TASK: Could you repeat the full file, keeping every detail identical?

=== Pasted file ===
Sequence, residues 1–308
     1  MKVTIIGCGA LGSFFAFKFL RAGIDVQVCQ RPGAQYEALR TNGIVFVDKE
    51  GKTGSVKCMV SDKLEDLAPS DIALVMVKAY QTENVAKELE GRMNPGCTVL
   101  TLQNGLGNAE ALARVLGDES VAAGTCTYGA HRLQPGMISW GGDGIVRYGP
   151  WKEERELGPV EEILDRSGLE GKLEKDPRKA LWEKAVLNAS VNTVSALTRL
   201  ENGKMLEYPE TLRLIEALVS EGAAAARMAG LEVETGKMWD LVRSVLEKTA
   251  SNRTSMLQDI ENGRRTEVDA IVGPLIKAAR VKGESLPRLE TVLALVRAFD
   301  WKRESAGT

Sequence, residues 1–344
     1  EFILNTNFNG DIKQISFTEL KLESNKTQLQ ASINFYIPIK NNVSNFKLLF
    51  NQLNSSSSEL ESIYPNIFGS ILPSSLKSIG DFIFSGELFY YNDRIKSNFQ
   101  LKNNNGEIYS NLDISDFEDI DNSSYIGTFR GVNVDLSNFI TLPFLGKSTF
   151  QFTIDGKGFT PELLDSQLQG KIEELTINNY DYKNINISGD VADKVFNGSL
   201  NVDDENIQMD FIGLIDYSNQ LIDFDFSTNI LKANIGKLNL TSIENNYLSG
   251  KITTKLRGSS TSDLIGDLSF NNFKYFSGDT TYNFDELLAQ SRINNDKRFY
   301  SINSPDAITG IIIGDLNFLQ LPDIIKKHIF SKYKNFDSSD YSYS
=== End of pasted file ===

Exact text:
Sequence, residues 1–308
     1  MKVTIIGCGA LGSFFAFKFL RAGIDVQVCQ RPGAQYEALR TNGIVFVDKE
    51  GKTGSVKCMV SDKLEDLAPS DIALVMVKAY QTENVAKELE GRMNPGCTVL
   101  TLQNGLGNAE ALARVLGDES VAAGTCTYGA HRLQPGMISW GGDGIVRYGP
   151  WKEERELGPV EEILDRSGLE GKLEKDPRKA LWEKAVLNAS VNTVSALTRL
   201  ENGKMLEYPE TLRLIEALVS EGAAAARMAG LEVETGKMWD LVRSVLEKTA
   251  SNRTSMLQDI ENGRRTEVDA IVGPLIKAAR VKGESLPRLE TVLALVRAFD
   301  WKRESAGT

Sequence, residues 1–344
     1  EFILNTNFNG DIKQISFTEL KLESNKTQLQ ASINFYIPIK NNVSNFKLLF
    51  NQLNSSSSEL ESIYPNIFGS ILPSSLKSIG DFIFSGELFY YNDRIKSNFQ
   101  LKNNNGEIYS NLDISDFEDI DNSSYIGTFR GVNVDLSNFI TLPFLGKSTF
   151  QFTIDGKGFT PELLDSQLQG KIEELTINNY DYKNINISGD VADKVFNGSL
   201  NVDDENIQMD FIGLIDYSNQ LIDFDFSTNI LKANIGKLNL TSIENNYLSG
   251  KITTKLRGSS TSDLIGDLSF NNFKYFSGDT TYNFDELLAQ SRINNDKRFY
   301  SINSPDAITG IIIGDLNFLQ LPDIIKKHIF SKYKNFDSSD YSYS